Apple's Steve Jobs had to be convinced of the potential for ebooks on the iPad, Eddy Cue has revealed, describing how he needed to petition for iBooks support during testimony at the ebook price fixing trial this week. Cue first pitched a digital bookstore in 2009, Cue told the court, AllThingsD reports, but Jobs "wasn't interested" as at the time the iPad was yet to be launched. However, after revisiting the idea on the iPad, Jobs gave Cue's team less than three months to get the iBookstore ready for public demo at the first launch event.
"When I got my first chance to touch the iPad, I became completely convinced that this was a huge opportunity for us to build the best e-reader that the market had ever seen ... And so I went to Steve and told him why I thought [the iPad] was going to be a great device for ebooks. … and after some discussions he came back and said, you know, I think you’re right. I think this is great, and then he started coming up with ideas himself about what he wanted to do with it and how it would be even better as a reader and store" Eddy Cue, senior vice president of internet software and services, Apple
The Jobs anecdote came as Cue answered questions about how Apple had negotiated with publishers around ebook pricing, amid accusations that the Cupertino firm colluded to push the so-called agency model and subsequently drive up costs for readers. Apple, the Department of Justice alleges, worked with the major publishers to force Amazon to adopt the agency model, with the net result that ebooks once priced at around $9.99 suddenly rose to $12.99-14.99.
With the DoJ obviously unable to call Jobs himself to the stand, the case has for the large part hinged on emails sent from the former chief executive to other members of the Apple management team and counterparts at publishing houses. Cue's appearance, the WSJ reports, saw the exec vocal in his denials of any wrongdoing.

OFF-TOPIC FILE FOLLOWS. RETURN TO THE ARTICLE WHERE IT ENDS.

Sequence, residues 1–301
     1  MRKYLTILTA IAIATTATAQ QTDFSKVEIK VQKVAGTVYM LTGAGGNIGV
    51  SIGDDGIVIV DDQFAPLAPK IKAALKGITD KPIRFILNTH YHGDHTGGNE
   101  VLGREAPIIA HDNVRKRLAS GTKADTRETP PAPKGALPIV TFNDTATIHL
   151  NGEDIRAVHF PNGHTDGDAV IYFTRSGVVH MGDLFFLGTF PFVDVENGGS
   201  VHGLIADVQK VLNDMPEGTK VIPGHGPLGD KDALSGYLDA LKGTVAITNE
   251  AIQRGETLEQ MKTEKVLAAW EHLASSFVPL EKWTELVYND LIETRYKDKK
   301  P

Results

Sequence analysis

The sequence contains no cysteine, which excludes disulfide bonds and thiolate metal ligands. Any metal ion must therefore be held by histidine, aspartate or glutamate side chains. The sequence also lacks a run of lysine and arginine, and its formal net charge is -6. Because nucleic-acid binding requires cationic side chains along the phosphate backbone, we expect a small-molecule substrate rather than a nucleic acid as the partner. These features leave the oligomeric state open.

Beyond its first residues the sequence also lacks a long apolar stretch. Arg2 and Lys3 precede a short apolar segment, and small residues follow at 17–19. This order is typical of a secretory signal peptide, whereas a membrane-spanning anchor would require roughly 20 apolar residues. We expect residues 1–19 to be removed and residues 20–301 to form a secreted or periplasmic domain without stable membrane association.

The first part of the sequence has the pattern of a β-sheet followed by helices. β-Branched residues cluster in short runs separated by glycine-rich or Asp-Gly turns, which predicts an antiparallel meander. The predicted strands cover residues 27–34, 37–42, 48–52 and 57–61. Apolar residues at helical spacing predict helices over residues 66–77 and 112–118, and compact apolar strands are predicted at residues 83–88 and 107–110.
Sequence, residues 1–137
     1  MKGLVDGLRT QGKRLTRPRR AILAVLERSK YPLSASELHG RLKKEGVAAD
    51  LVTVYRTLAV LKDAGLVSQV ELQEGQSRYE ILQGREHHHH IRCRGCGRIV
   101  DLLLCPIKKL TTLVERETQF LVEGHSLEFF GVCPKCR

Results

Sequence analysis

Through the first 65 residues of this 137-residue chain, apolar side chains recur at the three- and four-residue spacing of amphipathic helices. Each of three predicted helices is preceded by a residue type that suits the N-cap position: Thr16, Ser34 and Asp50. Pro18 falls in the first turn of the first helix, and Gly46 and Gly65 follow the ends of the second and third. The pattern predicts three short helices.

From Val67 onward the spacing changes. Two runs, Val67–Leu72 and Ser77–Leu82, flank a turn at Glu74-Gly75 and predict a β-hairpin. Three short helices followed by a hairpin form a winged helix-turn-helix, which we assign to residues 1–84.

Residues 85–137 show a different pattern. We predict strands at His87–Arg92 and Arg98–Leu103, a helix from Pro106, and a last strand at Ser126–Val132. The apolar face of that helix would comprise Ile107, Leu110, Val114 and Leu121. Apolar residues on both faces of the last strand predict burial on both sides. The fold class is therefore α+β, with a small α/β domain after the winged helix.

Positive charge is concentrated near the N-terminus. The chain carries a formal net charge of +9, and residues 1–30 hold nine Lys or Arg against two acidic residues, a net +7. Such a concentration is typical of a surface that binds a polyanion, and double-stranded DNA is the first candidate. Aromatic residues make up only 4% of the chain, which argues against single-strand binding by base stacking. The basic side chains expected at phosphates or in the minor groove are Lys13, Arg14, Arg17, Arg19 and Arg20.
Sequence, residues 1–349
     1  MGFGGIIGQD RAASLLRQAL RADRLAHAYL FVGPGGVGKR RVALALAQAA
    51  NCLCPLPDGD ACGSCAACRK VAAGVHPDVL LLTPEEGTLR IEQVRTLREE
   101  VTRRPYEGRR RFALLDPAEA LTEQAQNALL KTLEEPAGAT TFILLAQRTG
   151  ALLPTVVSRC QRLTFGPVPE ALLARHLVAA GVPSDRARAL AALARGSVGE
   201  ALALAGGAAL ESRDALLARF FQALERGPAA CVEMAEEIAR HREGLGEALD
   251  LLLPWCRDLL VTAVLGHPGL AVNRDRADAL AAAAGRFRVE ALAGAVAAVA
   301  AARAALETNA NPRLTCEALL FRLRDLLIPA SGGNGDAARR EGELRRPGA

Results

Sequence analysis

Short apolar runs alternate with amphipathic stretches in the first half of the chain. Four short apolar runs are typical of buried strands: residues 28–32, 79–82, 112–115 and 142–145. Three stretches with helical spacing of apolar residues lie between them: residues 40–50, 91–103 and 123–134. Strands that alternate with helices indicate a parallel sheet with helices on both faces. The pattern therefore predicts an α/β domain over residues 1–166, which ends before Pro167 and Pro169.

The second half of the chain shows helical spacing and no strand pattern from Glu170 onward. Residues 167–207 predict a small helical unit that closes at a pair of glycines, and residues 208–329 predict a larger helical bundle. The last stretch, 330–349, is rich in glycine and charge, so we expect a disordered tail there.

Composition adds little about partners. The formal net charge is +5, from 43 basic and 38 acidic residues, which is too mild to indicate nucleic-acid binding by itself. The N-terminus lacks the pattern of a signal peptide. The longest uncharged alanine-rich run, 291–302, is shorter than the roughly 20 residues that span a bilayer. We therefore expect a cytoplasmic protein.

"The publishers set the prices" Cue told the court under questioning by Justice Department lawyer Lawrence Buterman, asked if he felt the agency model was beneficial to consumers. "We gave them a great offer" Cue said of iBookstore users.
The case has been shrouded in controversy for some time, given Apple is the last remaining stand-out to hold off against the DoJ. All five publishers settled with the government, though admitted no wrongdoing in the process, but Apple has described the case as a matter of principle that it intends to fight all the way.
Initial signs, though, suggested the company might struggle, with even the judge presiding over the case saying that, based on the initial evidence submitted, she felt the government would have a conclusive argument. It was later revealed, however, that the DoJ was using an unsent version of a so-described "smoking gun" email which the department had cited as clear evidence of collusion. In actual fact, Apple pointed out, the real email Jobs sent was significantly different.
The case is expected to be concluded before June is out.